Art Deco is back, and this time it’s on two wheels. Today’s emphasis on technology, research, and development has made us so keen on propelling the automotive industry into the future, but what happens when we want to take a minute or two to savor the past? Four-wheel bimmer enthusiasts have envisioned, reimagined, and constructed beautiful restomod examples over the years, as in the case of Gruppe5 Motorsport’s 2002, but we haven’t exactly seen the same energy from the Motorrad community, until now. Our retrospective urge can now be satisfied—at the hands of the NMoto Nostalgia.
Infused with the perfect blend of vintage and modern, the Nmoto Nostalgia is an elegant homage tribute to BMW’s illustrious R7, a 1934 prewar prototype motorcycle with a one-of-one status. The R7 was never meant for production; it was a gallery on two wheels—responsible for showcasing the design motifs and engineering marvels of the time. Its very existence created a domino effect of seismic proportions, introducing the entire Motorrad community to the very first telescopic fork suspension, a revolutionary discovery that would lend itself very well to future applications. With tubes and sliders enclosing a spring and damper system, the revised suspension quickly became the universally-used industry standard, that is, until the development of the four-damped, hydraulic system.
The Nostalgia is not an R7, nor is it an R nine T, despite sharing DNA with both. While it aims to encapsulate the vintage impression of the R7, this steel horse is entirely its own. Alex Niznik, owner and founder of NMoto, had the idea to reimagine the R7, not recreate it entirely. As a result, the Nostalgia pulls its powertrain from the R nine T, a highly-customizable and easily-tuned motorcycle with a rugged personality. Its air-cooled flat twin boxer engine has a fiery 1,170cc capacity, allowing the NMoto iteration to boast the same responsive power delivery. With all of the mechanical bits from the R nine T equipped on the new chassis, the Nostalgia could benefit from OEM-grade, modern engineering and performance—a key component of Niznik’s original vision.
Due to the prototype status of the R7, however, the visual aspect of the bike required some—albeit a lot—of finessing. The reason why the Nostalgia looks so wonderfully vintage is because it is a true work of art. Without the actual prototype, design engineers at NMoto were tasked with the impossible, that is, creating the design from scratch. Niznik recalls there being a large poster of the R7 on the wall in the studio, as that was their only reference. After creating a 3-D model, the aluminum components were produced, with those body lines that look oh so sleek. Each hand-built example is then furnished with all of the modern bells-and-whistles you’d expect for comfort and functionality, including a keyless ignition and LED lighting all over. The resulting masterpiece is a fully-customizable physical manifestation of Niznik’s dream—a handmade, modern interpretation of the renowned BMW R7, and an exquisite one at that.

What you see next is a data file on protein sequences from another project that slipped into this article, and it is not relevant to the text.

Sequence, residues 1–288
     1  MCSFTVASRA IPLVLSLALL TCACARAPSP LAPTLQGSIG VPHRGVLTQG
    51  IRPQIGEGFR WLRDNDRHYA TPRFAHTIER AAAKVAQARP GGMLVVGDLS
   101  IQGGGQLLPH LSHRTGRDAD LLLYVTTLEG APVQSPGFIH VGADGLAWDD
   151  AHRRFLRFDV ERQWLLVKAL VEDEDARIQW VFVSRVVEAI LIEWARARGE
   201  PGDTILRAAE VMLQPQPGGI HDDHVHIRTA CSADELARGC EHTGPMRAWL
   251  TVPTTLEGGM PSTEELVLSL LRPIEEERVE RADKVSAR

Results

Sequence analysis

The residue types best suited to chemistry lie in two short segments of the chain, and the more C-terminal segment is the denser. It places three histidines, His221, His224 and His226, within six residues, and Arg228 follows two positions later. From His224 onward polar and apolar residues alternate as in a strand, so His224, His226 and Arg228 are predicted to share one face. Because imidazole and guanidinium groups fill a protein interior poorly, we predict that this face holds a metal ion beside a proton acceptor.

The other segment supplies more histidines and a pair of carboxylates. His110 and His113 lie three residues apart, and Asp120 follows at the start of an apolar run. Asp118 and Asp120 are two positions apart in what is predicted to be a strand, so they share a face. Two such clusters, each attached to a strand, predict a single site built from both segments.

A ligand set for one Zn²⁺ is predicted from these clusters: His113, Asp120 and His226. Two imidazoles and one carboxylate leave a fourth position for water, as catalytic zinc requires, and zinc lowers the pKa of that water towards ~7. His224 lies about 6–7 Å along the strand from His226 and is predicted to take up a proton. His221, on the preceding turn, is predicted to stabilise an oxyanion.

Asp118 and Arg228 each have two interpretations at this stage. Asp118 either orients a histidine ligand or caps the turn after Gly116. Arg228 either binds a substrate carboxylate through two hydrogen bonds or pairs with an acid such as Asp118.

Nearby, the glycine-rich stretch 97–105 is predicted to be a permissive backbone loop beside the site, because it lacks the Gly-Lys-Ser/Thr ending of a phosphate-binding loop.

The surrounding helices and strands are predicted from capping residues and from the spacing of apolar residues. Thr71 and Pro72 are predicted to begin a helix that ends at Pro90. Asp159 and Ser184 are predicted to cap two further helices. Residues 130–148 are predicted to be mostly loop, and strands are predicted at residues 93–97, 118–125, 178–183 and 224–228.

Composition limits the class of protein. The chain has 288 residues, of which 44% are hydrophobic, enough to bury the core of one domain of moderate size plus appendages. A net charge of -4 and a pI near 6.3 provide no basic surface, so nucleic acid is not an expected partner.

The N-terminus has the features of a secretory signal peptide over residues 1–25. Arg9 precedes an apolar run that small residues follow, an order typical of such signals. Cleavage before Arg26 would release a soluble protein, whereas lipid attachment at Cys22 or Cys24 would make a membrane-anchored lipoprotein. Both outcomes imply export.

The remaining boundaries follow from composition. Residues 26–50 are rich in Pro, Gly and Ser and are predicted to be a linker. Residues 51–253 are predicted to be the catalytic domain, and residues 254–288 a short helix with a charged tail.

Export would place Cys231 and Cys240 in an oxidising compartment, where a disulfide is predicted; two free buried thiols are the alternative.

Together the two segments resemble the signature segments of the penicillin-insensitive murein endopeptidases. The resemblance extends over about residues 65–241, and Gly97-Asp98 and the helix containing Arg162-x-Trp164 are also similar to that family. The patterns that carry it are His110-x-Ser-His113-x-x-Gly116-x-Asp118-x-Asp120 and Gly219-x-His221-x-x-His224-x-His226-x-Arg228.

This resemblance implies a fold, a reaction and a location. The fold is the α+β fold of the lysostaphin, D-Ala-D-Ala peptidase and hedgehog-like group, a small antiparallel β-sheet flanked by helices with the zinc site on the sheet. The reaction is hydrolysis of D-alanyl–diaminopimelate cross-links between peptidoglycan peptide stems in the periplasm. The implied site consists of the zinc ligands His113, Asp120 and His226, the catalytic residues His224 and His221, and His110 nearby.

While I think the Nostalgia is a stunning symphony of vintage and modern worlds, my opinion doesn’t matter; the sales speak for themselves. With a starting price of $79,500 and a six month build time, the Nostalgia offers enthusiasts a wonderful opportunity to park a slice of the past in their garage. NMoto has already received an inundation of orders for 2019, and are now currently taking orders for 2020, which doesn’t come as too much of a surprise, given its critically-acclaimed status.
Displayed currently in global museums such as the BMW Classic Museum in Germany, the Nettesheim BMW Museum in New York, and the Audrain Auto Museum in Rhode Island, the Nostalgia has been acquiring somewhat of a celebrity status, and for good reason. Its star-studded existence has granted it attendance to worldwide exhibitions, including but not limited to the Amelia Island Concours in Florida, Villa d’Este in Italy, Wheels and Waves in France, BMW Motorrad Days in Germany, and, of course, Pebble Beach.
The continued emergence of Art Deco and restomod builds over recent years makes me optimistic that this trend will continue, and I, for one, hope it does. I’ll never tire of seeing a vintage bimmer rocking a classy exterior and a completely refreshed under-the-hood setup. The pairing of new technology with vintage motifs shows promise of aging well and remaining complementary for years to come, whether that be on four wheels or two.—Malia Murphy
[Photos Courtesy NMoto.]